Invitation and Hospitality
In my own educational experience, education used a very western-style of practice. Our classrooms had a western layout where the teacher stood at the front and lectured us while we sat in rows of desks and rarely had the opportunity to be involved in the lesson. As students, we were hardly ever allowed to decide how or what we learned. Our lessons also rarely related to our experiences and the different cultures in our classroom. Often students would ask the teachers how something would relate to our present or future lives and the answer never seemed to satisfy anyone. What we were taught about other cultures and experiences was all through research-based projects that rarely gave comprehensive or lasting knowledge.
The school I went to had a great sense of community because of the way the teachers engaged in our outside world. The teachers tried to get to know their students and showed a genuine interest in the stories they told. The teachers didn’t just listen to us either, they went out of their way to ask you questions and catch up on your life. This helped create classrooms where we could talk to our teachers if we needed help and felt safe sharing during class. The teachers also created this sense of community by being actively involved in school events. This helped the students get excited and feel comfortable participating in these events as well. The teachers not only treated their classrooms as a community, but the entire school and this helped every student feel at home in the school.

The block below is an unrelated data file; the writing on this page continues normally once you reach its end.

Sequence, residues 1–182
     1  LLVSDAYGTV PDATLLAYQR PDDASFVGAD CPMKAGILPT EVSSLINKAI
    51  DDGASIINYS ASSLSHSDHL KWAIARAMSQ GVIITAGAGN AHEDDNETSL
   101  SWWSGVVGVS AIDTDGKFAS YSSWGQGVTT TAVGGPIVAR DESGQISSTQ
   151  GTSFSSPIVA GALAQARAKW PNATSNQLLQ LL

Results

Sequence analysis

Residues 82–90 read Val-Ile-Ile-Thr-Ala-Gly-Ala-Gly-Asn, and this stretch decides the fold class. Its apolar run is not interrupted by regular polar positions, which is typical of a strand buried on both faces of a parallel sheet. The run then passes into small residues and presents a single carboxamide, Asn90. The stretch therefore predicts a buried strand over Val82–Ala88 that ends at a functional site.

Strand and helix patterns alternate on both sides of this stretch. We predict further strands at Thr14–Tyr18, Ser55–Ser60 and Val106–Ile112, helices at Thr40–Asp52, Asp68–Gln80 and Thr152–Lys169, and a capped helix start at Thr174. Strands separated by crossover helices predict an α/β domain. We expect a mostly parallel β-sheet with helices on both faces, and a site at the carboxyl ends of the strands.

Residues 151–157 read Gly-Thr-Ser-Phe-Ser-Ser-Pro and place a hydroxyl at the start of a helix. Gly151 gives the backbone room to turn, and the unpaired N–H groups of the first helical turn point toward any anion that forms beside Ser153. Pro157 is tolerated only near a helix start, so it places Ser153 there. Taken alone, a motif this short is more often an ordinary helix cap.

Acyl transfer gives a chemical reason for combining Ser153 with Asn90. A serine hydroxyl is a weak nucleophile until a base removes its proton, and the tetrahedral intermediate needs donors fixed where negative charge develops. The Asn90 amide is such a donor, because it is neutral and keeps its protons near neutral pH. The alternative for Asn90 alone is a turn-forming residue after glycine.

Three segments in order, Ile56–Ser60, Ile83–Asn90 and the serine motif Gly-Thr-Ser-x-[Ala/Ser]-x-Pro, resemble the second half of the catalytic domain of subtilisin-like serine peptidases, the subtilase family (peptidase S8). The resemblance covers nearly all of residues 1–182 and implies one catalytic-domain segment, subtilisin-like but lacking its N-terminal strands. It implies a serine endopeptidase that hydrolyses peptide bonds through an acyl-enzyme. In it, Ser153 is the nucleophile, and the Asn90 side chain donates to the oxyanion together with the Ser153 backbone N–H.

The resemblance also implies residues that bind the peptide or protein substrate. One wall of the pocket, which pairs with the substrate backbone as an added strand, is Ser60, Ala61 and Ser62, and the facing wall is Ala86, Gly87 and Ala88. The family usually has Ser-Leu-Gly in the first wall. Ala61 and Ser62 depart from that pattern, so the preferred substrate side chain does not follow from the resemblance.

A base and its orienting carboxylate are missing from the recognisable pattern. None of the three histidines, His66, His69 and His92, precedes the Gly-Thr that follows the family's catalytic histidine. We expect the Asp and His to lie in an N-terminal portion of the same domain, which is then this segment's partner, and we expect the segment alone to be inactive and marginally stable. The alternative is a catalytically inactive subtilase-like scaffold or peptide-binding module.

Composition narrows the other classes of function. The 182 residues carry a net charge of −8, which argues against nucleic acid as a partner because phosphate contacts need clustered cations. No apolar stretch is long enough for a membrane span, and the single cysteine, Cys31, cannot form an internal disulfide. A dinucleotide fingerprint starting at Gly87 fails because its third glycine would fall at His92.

One way we can be hospitable in our classroom is by getting to know who students are and the way they best learn. Being open to different ways of teaching and learning how to help each student will help them feel not only understood but hopefully make them want to be there and actively participate in their education. Another way we can do this is by getting to know who students are when they leave our classroom. Doing this helps them feel welcome as they are in the classroom and creates a safe space. I also believe that showing mutual respect for your students’ needs and emotions helps them feel safe in your classroom. Children’s emotions often get brushed off by adults, but we must recognize the reason behind these emotions and work to understand our students. One quote from our group discussions that resonated with me was, “You get kids where they are, not where you want them to be.” To create a community in our classrooms we must understand that every child has their own story. It’s our job to reach out and get to know who they are so that we can help them receive the most out of their education.